22nd February 2024 3:48 pm
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HP reckons we’ll be shopping in digital malls by 2030

Curse you and your talk of a Metaverse, Mark Zuckerberg.

Ever since the meat smoker mentioned a virtual reality space where everybody can do everything, every tech firm and their dad has talked about investment in the space.

What is the metaverse exactly? Well at the moment it’s a range of different metaverses from independent companies which don’t seem to tie into each other in any sort of notable way. In fact, it’s laughable that companies who take issue with YouTube content being used improperly would collaborate and let users live out their Ready Player One fantasy of a fully connected and unrestricted metaverse.

The latest firm to wax lyrically about the future of the internet and how we’ll use it is HP.

While HP avoids using the term metaverse it’s using the idea of blended reality to get folks excited about, erm, shopping in a digital mall where they can access anything and everything. If it looks like a metaverse and sounds like a metaverse, chances are high it’s talk of a metaverse.

“Blended reality retail in a world that is interactive, connected, and shoppable is only just materializing. Brands that get it right will bring digital wallets, gaming, and mixed realities together, along with digital storytelling and new forms of engagement – a kind of 360-degree retail,” HP writes in a press release sent to Hypertext.

The hardware maker goes on to give vague examples of how together with a VR headset, sensor and gloves, a person can shop virtually while engaging their senses.

We have to ask – Have any firms touting web3 and the metaverse actually participated in a public VR chat because we really think they should to get an idea of how people use these spaces?

The firm reckons that because “the next generation” is buried in their smartphones and video games, it can get them excited about buying goods and services and even real estate in “an entirely new way”.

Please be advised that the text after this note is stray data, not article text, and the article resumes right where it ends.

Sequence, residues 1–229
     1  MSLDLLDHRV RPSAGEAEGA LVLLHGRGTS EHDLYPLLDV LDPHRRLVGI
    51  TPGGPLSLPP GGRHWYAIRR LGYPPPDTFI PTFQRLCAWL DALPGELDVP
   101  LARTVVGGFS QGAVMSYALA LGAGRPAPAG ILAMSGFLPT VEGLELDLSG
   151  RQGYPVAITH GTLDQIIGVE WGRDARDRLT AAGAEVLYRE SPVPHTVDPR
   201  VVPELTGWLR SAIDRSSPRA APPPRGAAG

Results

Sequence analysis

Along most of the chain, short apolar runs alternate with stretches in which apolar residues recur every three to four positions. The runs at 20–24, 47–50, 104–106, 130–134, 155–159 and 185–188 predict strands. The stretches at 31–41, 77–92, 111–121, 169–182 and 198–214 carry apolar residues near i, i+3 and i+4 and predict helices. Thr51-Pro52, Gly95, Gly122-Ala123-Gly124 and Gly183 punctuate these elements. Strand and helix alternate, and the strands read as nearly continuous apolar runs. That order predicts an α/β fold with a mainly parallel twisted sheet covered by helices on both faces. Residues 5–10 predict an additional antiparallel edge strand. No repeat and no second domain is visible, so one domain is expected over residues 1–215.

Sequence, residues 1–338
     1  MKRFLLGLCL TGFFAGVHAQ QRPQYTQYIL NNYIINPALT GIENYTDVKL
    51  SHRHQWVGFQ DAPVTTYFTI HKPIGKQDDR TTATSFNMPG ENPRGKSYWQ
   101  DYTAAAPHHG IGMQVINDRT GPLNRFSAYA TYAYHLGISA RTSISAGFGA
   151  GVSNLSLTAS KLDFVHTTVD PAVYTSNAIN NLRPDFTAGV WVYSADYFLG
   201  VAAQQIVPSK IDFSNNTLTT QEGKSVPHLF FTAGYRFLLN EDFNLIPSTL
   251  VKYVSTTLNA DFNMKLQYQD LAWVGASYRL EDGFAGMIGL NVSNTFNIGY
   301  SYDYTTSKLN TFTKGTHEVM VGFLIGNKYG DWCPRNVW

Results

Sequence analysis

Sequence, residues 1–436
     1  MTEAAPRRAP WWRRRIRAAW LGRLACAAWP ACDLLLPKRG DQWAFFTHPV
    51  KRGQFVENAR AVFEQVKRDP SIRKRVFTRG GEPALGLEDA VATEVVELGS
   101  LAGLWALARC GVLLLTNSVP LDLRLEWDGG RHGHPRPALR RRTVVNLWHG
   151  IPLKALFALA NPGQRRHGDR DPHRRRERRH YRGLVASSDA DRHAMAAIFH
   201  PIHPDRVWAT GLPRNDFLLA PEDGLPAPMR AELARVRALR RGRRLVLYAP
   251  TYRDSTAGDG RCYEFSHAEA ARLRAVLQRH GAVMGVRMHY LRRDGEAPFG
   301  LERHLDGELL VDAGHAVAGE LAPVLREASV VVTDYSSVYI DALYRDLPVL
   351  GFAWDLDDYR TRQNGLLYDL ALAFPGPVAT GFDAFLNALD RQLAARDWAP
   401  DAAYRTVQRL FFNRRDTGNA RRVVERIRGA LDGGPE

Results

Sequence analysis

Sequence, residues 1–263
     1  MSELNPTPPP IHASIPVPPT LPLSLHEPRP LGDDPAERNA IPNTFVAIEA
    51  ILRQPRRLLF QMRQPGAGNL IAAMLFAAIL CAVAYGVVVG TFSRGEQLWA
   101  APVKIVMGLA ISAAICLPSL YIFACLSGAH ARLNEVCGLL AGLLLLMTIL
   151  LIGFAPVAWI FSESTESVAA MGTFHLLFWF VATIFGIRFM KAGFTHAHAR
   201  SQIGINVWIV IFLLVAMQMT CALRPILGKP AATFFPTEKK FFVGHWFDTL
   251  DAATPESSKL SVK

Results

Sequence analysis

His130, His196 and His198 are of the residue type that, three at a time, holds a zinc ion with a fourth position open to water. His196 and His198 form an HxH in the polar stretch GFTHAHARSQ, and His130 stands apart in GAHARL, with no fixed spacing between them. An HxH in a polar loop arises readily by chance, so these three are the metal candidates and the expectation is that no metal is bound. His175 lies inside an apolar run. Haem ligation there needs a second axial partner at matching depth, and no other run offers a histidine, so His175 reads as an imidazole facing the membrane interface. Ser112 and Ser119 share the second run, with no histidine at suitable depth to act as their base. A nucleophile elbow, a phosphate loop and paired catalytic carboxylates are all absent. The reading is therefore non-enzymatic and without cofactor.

HP envisions a world where brands are selling you products and services in games, a digital mall where you can visit app stores (seriously) and digital marketplaces and even the ability to visit a destination before you book your holiday, virtually of course. This all seemingly serves to talk up the HP Reverb G2 which is: a) not available in South Africa through any retailer we can find and, b) costs $599.

We have to wonder how in eight years, while a semi-conductor shortage is plaguing the world and a recession is in play, HP plans to make virtual reality tech more accessible and affordable. While firms tend to counter this by saying they are investing in key areas, that’s not an answer.

To be frank, all talk of the metaverse seems like a way to sell virtual reality gear to people and infrastructure to businesses. Whether it’s a virtual office, virtual mall or virtual land, users need to invest in hardware to actually participate. It’s telling then that the firms talking up the metaverse are keen to get you to invest in some aspect of it that benefits them now. As the metaverse is something in the future, if it fails those companies can just brush it off and move on as that’s a risk of investing in bleeding edge technology.

The idea of strapping a $599 VR headset to your face so you can experience shopping and other real-life activities in a digital space is just bizarre. Does anybody even want to do that? A study analysing workers who had to work in the metaverse says no.

The blog Web 3 Is Going Just Great regularly highlights just how little substance there is to talks of web3. Mentioning a decentralised platform is often accompanied by the launch of a centralised platform that will enable the metaverse.

While HP talks about being able to “‘tunnel’ from one world to another, and interact with others” it doesn’t say how that will be possible. Is intellectual property law going to change? Will companies allow you to just use their creations on other platforms?

We’re doubtful that the answers to these questions are yes and for the metaverse, blended reality and web3 to be fully realised, the answers should be yes.

While we don’t claim to know what the future holds, right now talk of a metaverse, web3 and other future tech needs to be met with the question of how this becomes a reality because for now, it’s all very speculative.

[Image – CC 0 Pixabay]

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